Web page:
Five years ago, Ahmad Ashkar was just another suit in the banking world. Palestinian-born, Ashkar spent his days on the investment and real estate banking circuit between New York City and Dubai before deciding to head to top-ranked business school Hult International Business School for his MBA.

“I didn’t care what was going on in the rest of the world – I was making a paycheck and living the lifestyle I wanted,” said Ashkar by phone Tuesday while in Davos, Switzerland, for the World Economic Summit. “What I learned in school was that there was a huge opportunity at the bottom of the economic pyramid, if people were business savvy. That was the concept behind the Hult Prize – to bring some business sustainability and generate a profit,” in emerging markets.

Three years after graduating from Hult, Ashkar has turned this concept into a challenge for thousands of MBA students around the globe.

The Hult Prize, open to students worldwide, asks competitors to provide a business solution to global problems. The winning project earns $1 million in seed money to put the project into play through one of Hult’s three non-profit partners in the education, energy, and housing sectors.

From idea “fragment” to worldwide event

Since launching the Hult Prize, Ashkar and his team have set lofty goals – and met them.

“Our goal after last year’s challenge was to make it three times bigger,” said Ashkar. “I’ve spent the majority of the last eight months in an airport, but we’re almost going to be more than three times bigger with basically 5,000 students physically taking part from 91 of the top 100 MBA programs.”

This year, Hult Prize also added a social media page to increase the global communication between participating schools. Participants come from more than 130 countries and represent more than 300 different institutes of higher education. Students, in groups of 4-5, submit 2-3 minute videos that are then voted on. Top students compete at one of five regional centers, at Hult campuses in Boston, San Francisco, London, Dubai, and Shanghai.

Ashkar has three main goals behind the Hult Prize project:

  • MBA students realize that businesses can actually make money serving the world’s most struggling economies; it is not just for non-profits.
  • It is a chance for MBAs to meet “like-minded change-makers”. With 130 business schools participating in this year’s event, even if students don’t come away with the $1 million of seed money grand prize, there’s still hundreds of opportunities to share ideas. Ashkar notes also, that while the students participating in the challenge are from prominent international schools, many from these emerging markets have experienced problems like water safety, poverty and hunger first hand.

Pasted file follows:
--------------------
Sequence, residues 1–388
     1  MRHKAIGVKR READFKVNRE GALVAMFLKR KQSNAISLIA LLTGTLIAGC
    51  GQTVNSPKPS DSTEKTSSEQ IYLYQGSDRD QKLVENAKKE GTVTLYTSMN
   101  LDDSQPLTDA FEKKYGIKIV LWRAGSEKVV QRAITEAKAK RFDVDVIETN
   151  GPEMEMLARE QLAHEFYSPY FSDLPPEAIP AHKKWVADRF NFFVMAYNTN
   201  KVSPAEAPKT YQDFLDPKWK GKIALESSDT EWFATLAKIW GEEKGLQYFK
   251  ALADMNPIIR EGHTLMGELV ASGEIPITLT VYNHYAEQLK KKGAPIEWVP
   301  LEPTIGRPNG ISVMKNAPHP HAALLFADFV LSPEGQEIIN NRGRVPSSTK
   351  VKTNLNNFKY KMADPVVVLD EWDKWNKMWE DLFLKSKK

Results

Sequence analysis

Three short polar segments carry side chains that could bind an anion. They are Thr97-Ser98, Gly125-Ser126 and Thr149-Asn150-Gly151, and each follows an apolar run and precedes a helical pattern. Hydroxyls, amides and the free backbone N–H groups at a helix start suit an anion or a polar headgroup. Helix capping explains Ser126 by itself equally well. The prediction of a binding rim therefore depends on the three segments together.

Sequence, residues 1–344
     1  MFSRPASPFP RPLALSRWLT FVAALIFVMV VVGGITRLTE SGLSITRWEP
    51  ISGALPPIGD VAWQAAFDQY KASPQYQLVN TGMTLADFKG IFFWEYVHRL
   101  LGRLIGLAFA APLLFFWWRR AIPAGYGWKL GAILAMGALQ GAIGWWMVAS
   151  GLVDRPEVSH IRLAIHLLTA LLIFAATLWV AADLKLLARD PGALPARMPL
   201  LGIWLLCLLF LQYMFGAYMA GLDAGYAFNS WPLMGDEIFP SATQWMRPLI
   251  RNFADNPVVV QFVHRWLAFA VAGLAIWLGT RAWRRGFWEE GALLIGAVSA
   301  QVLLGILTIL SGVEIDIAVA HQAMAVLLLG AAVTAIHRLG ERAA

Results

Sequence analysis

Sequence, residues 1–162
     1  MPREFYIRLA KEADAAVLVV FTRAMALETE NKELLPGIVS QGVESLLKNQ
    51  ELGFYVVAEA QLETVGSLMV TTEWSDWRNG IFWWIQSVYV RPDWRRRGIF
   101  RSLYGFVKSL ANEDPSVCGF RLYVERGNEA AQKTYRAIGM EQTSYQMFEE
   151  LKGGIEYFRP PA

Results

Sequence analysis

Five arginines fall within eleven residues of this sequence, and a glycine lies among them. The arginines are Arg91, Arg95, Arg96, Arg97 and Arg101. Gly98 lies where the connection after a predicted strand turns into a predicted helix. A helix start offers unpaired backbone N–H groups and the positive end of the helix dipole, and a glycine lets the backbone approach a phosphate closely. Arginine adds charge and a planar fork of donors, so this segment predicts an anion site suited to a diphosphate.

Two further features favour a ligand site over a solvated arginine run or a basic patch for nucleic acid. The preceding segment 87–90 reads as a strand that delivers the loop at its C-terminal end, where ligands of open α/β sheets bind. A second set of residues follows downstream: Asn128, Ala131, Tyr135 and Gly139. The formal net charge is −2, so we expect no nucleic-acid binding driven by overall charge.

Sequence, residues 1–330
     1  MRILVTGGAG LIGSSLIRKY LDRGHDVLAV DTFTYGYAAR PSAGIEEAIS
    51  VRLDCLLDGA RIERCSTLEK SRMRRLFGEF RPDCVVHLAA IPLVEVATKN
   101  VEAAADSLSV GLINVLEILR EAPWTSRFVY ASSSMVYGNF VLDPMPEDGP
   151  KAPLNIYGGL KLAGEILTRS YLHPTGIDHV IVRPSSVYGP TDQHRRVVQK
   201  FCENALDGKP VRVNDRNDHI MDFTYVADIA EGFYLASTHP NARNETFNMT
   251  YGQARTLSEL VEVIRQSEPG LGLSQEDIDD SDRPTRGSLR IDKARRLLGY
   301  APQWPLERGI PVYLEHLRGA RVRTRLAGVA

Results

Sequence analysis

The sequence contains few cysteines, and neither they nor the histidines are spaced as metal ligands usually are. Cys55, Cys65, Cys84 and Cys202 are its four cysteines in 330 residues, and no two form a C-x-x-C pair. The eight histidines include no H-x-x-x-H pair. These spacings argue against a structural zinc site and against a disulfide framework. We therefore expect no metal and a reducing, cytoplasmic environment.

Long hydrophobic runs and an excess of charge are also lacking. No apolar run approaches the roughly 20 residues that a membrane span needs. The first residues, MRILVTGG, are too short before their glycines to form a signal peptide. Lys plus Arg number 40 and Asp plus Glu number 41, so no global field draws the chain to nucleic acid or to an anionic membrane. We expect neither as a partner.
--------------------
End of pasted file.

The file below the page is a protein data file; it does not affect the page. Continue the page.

• The Hult Prize is a place to get passionate about world issues. Last year’s Boston winner, which ironically was Boston University, did not go on to win the grand price, however the team was so passionate about their pilot idea, they went on to pitch it to venture capitalists and found funding for their project. It currently is in the development stages in India.

Online students, get involved

Online students from across the globe can compete for the grand prize seed money by sending in a two-to-three minute video summarizing their social challenge solution via the official online competition website. Online voting for the best ideas begins February 25.

“Internet communications technology enables us to give our good ideas wings,” said Ashkar. “Any student can take a good idea and tap into the power of social media and grow the concept into a pilot. Students always ask me how I got funding for the Hult Prize. Funding is a byproduct of a good idea, but you have to be fully invested; it can’t just be a fragment.”

Ashkar thinks anyone at any school – traditional or online – can pitch a social change idea.

“First, think creatively,” said Ashkar. “Get into new networks. If you have the fragment of an idea, you can meet new people and maybe put some fragments together, or fill yours in. Utilize the recourses of social media, and finally, don’t be scared to put your idea forward.”

This year’s challenge

This year’s student competitors are charged with addressing global poverty through sustainable business solutions. Students can tackle poverty by creating specific solutions in the education, energy, or housing sectors. Each sector is partnered with a non-profit: One Laptop Per Child, Solar Aid, and Habitat for Humanity. The Clinton Global Initiative is partnered with the Hult Prize to help provide expertise on global issues and to publicize the competition. The Hult family provides the $1 million in seed money granted to the winning project.

Last year’s case studies were based on the challenge of providing clean water in partnership with, founded by Gary White and Matt Damon. The winning team was from the University of Cambridge in the United Kingdom. Their proposal involved using mobile phone use in developing countries to create an incentive plan with existing WaterCredit loans. The non-profit’s created WaterCredit is a form of currency that keeps those in impacted communities from paying hefty fees for clean water, sometimes sold in a near-black market environment.

The winners of this year’s challenge fighting global poverty will be selected and announced in April after the final competition in New York.

Hult offers a range of highly skills-focused and employability-driven business school programs including a range of MBA options and a comprehensive one year Masters in International Business. To find out more, take a look at our blog Why going to business school in 2019 is a resolution you should keep. Download a brochure or get in touch today to find out how Hult can help you to learn about the business world, the future, and yourself.